Wednesday, February 27, 2013


Lately a scene from "When Harry Met Sally..." has been playing in my head over and over.  Sally has just found out her ex is getting married.  She calls Harry, who comes over to console her.  Sally, through her tears, wonders when she'll meet someone who will love her for who she is, noting all of her self-perceived flaws that would deter someone from loving her. 

She feels the clock ticking: "And I'm gonna be 40."



"In eight years."

For me, the big 4 0 happens this Saturday.  I feel it looming large. 

I've thought a lot about the day itself, but haven't found a satisfactory answer to the question: How will I celebrate 40?

Friday I am going out with my parents.  We're attending the ballet, a treat I haven't enjoyed in years.  I am looking forward to the time with them and the pleasure of the ballet. 

But then there's a whole Saturday of birthday.  It's when I think about that that I start to feel dread.  Most people would be excited about a Saturday birthday.  I am not. I'd rather have a birthday on a day I know I'll be around people for a good chunk of the day.  Saturdays offer no such guarantee. 

I've made plans to see a play in the evening.  It's the rest of the day I'm not sure about yet.

I won't wake up to a well-wishing husband or children, as many women my age would.  I'll wake up in my house alone... OK, my cats may be snuggled up next to me and they may meow when I try to move them or purr if I pet them, but, though I love them, they're not quite the same as people. 

Perhaps I am being overly dramatic.  I know it's a tendency of mine.  And I know, I really do know, that even though I live in my house alone, I am not alone in life. 

I have an incredible family that loves me.  I have wonderful friends who love me.  I have a network of support beyond what I could have ever hoped for.  I know that there are lots of people who are glad that I am alive and whose friendship, love, and care I value more than I am able to express. Chances are, if you are reading this, you are among those people.  Thank you for taking the time to be here with me.  Please know that my grief is in no way reflective of the abundance of joy, grace, and love you have showered on me. And still...

My heart feels the ache of loneliness, even in the midst of great blessings. Admitting it here, fighting a sting in my eyes, makes me feel ungrateful. How could I possibly feel lonely when I have so much love in my life?

I suppose my hope in admitting all this, in putting my raw self before you today, is that I'll let these feelings go before Saturday.  Self-pity is no way to ring in a new decade of life, particularly when there's no good reason for it. 

Yesterday I was talking to a friend who is in the midst of student-teaching.  As she talked about her challenges and her failures in the classroom, I reminded her that all of what she is going through is normal and that it's OK to make mistakes.  I suggested that she be gentler with herself and try to let go of the burdens of imperfection that she is carrying.

Once I lamented to a married friend that being single sometimes feels pretty lonely. She replied, "You can be lonely in a marriage, too." Oh.  Maybe what I'm feeling as 40 approaches is normal.  Maybe I need to be gentler with myself, allow myself to feel what I feel and then let those feelings go. To be honest, writing this is helping me to do so.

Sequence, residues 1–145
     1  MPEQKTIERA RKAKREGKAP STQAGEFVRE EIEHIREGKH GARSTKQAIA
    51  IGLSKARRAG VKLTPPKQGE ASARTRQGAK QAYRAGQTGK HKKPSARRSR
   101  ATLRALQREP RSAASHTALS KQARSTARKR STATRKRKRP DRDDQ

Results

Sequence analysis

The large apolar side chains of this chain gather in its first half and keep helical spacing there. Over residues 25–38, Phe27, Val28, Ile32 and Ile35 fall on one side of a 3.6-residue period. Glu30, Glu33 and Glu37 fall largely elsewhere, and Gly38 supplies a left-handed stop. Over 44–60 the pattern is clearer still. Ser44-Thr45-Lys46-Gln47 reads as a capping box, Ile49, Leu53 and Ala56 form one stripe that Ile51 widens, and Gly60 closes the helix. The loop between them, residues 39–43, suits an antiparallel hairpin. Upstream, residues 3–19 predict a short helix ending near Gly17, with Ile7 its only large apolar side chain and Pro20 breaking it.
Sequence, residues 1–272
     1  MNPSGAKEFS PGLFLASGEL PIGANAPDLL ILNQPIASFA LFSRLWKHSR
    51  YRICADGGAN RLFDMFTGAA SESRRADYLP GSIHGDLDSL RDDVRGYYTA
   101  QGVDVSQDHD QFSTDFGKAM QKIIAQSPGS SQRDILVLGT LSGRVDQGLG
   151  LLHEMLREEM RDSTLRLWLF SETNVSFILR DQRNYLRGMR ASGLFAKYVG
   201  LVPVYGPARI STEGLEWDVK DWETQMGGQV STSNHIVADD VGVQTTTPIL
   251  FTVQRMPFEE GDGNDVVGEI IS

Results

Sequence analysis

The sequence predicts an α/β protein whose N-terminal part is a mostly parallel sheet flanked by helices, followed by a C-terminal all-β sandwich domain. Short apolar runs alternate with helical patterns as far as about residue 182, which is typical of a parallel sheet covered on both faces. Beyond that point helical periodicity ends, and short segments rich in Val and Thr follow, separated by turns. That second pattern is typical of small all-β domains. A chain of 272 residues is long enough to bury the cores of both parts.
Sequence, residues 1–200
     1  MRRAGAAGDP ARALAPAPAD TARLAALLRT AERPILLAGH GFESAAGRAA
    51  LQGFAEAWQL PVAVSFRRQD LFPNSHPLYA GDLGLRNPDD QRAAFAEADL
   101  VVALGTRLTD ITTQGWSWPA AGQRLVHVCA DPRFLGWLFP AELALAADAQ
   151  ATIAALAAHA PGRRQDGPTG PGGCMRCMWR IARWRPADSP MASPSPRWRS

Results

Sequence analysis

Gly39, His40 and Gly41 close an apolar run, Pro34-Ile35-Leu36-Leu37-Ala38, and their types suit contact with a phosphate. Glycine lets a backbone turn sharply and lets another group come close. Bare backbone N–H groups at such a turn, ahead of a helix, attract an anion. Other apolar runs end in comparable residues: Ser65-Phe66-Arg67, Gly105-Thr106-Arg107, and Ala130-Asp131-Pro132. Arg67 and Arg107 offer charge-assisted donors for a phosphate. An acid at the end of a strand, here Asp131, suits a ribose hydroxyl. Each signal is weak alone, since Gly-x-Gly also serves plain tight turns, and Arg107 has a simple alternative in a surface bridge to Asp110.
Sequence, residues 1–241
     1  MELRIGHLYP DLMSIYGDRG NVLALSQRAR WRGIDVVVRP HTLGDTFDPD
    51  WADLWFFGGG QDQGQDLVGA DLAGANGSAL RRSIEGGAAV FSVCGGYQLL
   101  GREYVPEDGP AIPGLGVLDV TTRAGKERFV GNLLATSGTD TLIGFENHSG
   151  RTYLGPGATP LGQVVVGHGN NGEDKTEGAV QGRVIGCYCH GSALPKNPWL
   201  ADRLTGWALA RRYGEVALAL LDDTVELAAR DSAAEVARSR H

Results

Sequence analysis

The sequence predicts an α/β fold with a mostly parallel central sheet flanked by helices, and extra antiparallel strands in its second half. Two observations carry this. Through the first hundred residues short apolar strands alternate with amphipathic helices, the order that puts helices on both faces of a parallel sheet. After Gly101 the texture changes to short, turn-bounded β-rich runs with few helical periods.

Maybe turning 40 will not be such a traumatic event after all.  I have ideas about things I'd like to do and people I'd like to see so that I don't spend the day alone.  Perhaps I simply need to make some invitations. And maybe then, if I allow the day to unfold as it wishes, Saturday will offer just the right way of beginning a new decade.

I'll keep you posted.

Wednesday, February 20, 2013

Struggles in Loving

It's one of those days, maybe it's been one of those months, that a lot is going through my mind ... Putting it all in written form, or at least written form for public consumption, does not seem so easy.  Today I'll try to get a few thoughts down.

I came back from CPT training more committed to peace-making than I was before I left.  Shortly after I came home, I received a message on my Facebook wall that essentially implied that I had deserved for my house to be burglarized (an event that occurred while I was away).

In the spirit of loving my neighbor, or more specifically, a couple of family members, I mustered up what I could from the sessions on nonviolent communication as I replied.  A number of my friends later commented on the inappropriateness of the original post.  Somewhere in the comments that followed, my family members declared that they loved me and were glad I was safe.  When a friend suggested that they apologize for their post, their response was "For what, I didn't rob her." If this had been a private conversation, I wouldn't write about it here, but since the whole conversation was public, I don't feel I'm violating anyone's privacy by blogging about it.  

I have thought a lot about the conversation and, in particular, about the declaration of love after the mean-spiritedness.  My interpretation of the attitude of the family members is "I can insult you as long as I tell you I love you later on. That makes the insults OK."  

It doesn't. 

Honestly, it brings to mind an abusive husband who assaults his wife verbally, physically, and/or sexually, then blames it on her and/or tells her he's doing it because he loves her.  No, sir.  Violence, whether verbal or physical, is not acceptable; it is not the fault of the recipient; it is not a sign of love.  There is a difference between saying something that hurts and being hurtful.

There is a difference between disagreeing with and insulting someone.  I do not have to hold the same beliefs as my friends, family, students, colleagues, or other acquaintances.  But I do expect to be treated with dignity and respect.  I do expect to be acknowledged as a person, as an image of God who created me, as more than the one or multiple beliefs about which we disagree.  I do my best to offer the same.  I don't always succeed, but I try.